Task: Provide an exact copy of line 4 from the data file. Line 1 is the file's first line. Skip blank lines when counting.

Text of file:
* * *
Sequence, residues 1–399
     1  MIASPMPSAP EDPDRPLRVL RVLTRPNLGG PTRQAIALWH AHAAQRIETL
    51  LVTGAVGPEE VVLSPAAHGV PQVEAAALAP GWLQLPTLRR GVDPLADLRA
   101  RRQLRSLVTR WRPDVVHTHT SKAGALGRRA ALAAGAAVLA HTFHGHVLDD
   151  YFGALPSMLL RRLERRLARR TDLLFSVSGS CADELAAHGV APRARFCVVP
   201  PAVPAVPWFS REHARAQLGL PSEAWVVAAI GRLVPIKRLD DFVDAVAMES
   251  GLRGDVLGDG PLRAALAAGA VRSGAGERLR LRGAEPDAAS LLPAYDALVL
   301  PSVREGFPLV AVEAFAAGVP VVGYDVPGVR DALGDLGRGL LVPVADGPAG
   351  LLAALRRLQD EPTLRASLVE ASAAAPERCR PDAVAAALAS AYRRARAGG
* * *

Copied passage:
   101  RRQLRSLVTR WRPDVVHTHT SKAGALGRRA ALAAGAAVLA HTFHGHVLDD